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The Daily

NEWS HIGHLIGHTS FOR MONDAY - 2.8.16

By:
Maya Lindsay
Published Date:
Feb 8, 2016

NYSSCPA Members in the News


Tom Walpole (Rochester)

Tax basics

WROC Rochester First

CPA Tom Walpole discussed the basics of taxes and why we pay them Monday on News 8 at Sunrise. Walpole said taxes are a special kind of fee or charge the government requires people to pay in order live and work in their state and country.  Sales tax for example are a percentage of the total price when you buy things like mobile phones, sneakers or a new toy.  New York's sales tax rate is currently 4 percent.  Depending upon the local municipality, the total tax rate can be as high as 8.875 percent. Walpole said people also pay taxes to the state and federal government on the money they earn from their jobs.  Companies also pay taxes on profits they make.  In addition, those who own property like buildings and homes pay property taxes.  If you inherit money or win the lottery you will also pay a tax on that sum.


Other Accounting and Finance News


Property-tax cap is the wrong tool for NYC’s homeowners

Crain’s New York Business

When my husband and I decided to start a family a few years ago, we house-hunted for months in the district I represent until we found our current home. It was perfect—a Tudor, with all the amenities a new mom could ask for. Except for the property-tax bills, which left me scratching my head. Now I am the Finance Committee chair of the City Council, and property taxes still do not make sense to me. In addition, I have heard from many struggling homeowners across the city that they need help staying in their homes. So I can understand why a proposal to cap annual property-tax increases at 2% seems like a simple way to solve their problem. A cap, however, would do more harm than good. Yes, it would lower tax bills, but for whom? A 2% cap would provide the typical Queens homeowner with about $150 in savings on next year’s property tax.


China’s Forex Reserves Plunge to More-Than-Three-Year Low

Wall Street Journal

China’s foreign-exchange reserves fell to the lowest level in more than three years in January, raising questions about how long Beijing can keep burning through the rainy-day funds to defend the yuan without triggering a huge flight of capital. The People’s Bank of China said Sunday that the world’s largest stockpile of foreign currency plunged by $99.5 billion last month, to $3.23 trillion. The drop follows a record $107.9 billion plunge in December and continues a decline that picked up speed in August, as China’s exchange-rate policies started to appear to be in flux. In mid-August, the central bank unexpectedly devalued the yuan, saying it wanted to bring its value more in line with market forces. But the action backfired, as investors sold the currency in panic fashion, forcing the Chinese central bank to dig into the reserves to stabilize it.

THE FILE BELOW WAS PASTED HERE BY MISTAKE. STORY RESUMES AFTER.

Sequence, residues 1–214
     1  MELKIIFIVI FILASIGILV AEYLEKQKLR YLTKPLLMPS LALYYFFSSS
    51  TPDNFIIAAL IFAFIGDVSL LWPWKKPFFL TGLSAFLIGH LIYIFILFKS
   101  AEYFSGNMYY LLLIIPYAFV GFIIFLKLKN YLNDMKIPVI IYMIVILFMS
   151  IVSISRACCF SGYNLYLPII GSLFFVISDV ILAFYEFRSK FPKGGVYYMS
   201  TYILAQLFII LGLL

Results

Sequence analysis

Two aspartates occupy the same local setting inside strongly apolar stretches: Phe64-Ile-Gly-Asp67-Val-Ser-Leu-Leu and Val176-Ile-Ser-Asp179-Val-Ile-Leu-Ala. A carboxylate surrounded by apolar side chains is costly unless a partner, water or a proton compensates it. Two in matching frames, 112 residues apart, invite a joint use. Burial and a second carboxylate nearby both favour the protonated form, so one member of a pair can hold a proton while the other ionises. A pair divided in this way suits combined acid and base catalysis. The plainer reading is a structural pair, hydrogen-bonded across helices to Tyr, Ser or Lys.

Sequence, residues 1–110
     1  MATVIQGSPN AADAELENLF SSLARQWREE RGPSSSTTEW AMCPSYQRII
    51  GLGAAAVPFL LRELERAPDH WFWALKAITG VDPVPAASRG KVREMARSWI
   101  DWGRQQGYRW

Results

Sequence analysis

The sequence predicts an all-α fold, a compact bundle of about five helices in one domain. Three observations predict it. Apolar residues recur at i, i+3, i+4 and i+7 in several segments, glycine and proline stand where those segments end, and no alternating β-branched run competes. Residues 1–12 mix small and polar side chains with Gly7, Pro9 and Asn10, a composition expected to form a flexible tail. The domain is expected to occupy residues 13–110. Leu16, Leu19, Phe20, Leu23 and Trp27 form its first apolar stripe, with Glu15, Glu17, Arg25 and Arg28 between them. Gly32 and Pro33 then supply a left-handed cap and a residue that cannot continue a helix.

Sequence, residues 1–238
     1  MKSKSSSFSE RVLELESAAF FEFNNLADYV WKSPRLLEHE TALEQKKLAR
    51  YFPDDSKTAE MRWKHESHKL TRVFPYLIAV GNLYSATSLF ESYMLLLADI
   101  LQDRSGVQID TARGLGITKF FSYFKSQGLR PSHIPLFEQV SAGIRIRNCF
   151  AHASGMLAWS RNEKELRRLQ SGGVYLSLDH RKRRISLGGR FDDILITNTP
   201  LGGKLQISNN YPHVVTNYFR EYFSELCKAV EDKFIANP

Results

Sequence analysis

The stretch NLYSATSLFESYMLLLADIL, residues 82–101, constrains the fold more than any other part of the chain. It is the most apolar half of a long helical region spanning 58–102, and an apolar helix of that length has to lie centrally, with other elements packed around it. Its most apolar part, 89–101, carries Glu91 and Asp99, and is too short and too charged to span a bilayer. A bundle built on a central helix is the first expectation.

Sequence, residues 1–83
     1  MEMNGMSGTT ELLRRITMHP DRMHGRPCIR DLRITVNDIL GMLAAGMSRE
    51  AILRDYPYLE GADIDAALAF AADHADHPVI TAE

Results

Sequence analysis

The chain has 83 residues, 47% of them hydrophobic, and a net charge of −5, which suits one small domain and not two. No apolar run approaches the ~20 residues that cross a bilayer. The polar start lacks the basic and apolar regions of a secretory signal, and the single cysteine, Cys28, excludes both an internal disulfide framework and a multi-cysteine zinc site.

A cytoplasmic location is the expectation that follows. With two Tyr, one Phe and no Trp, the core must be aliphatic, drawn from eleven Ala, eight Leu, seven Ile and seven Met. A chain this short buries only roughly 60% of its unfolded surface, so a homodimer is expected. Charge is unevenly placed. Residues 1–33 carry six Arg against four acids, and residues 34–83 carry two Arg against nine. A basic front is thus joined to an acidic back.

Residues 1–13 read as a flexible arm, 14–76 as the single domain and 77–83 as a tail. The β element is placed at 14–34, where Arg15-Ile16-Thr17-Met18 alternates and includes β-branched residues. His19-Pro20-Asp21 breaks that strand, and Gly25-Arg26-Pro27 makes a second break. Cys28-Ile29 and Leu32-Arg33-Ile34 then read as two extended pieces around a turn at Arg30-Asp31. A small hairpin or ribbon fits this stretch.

U.S. Adds 151,000 Jobs in January, Including 5,800 in Accounting

Accounting Today

The unemployment rate dipped one-tenth of a percentage point to 4.9 percent as employers added 151,000 jobs in January, to the U.S. Bureau of Labor Statistics reported Friday, including 5,800 jobs in accounting and bookkeeping services. “Overall the unemployment rate has fallen to less than 5 percent and for accountants in the skilled accountant labor market, it's much lower than that,” said Kim Gottschalk, senior regional vice president for the staffing company Accounting Principals. “For the skilled accountant workforce, those people can find jobs immediately if they're looking, or they can switch jobs for a bump in salary right now. Wages are very strong in accounting and finance. People are taking multiple offers and they are getting significant bumps up in pay in many cases. This is for both the temporary labor market, which continues to be very strong, and the direct hire force.


Internal Auditors Straying into Risky New Areas

Accounting Today

Internal auditors are increasingly finding themselves tasked with new responsibilities that carry some degree of risk, according to a new report. The report, from the Institute of Internal Auditors Audit Executive Center raises serious questions about how practitioners are coping with these new demands. The IIA surveyed  chief audit executives and identified several areas where practitioners should branch out—cybersecurity, data usage and analysis step—even if it means they have to step outside their comfort zone. The report encourages internal auditors to also develop so-called “soft skills,” such as active listening, effective communications and diplomacy. “Each year the North American Pulse of Internal Audit provides insightful data about our profession from the CAE perspective and outlines the challenges and opportunities the data reveal,” said IIA president and CEO Richard F. Chambers in a statement.


Good News for 529 Plans May Lead to Lower Fees

Forbes

The Protecting Americans from Tax Hikes (PATH) Act provided an important update to 529 plans, retroactive to the beginning of 2015. However, since Congress didn’t get around to passing the legislation until the mid-December, 529 plan administrators were left in a bind to adjust their software to issue correct 1099-Qs that reflect the new rules. Fortunately for 529 plan administrators, the IRS has promised not to impose penalties for earnings computations that do not reflect the new law. Prior to the Economic Growth and Tax Relief Reconciliation Act (EGTRRA) of 2001, the earnings portion of 529 withdrawals, even when used to pay for college, was taxable income to the beneficiary. Because of this, all 529 savings accounts in one state with the same account owner and beneficiary had to be aggregated for the purposes of calculating of earnings reported on Form 1099-Q when withdrawals were made.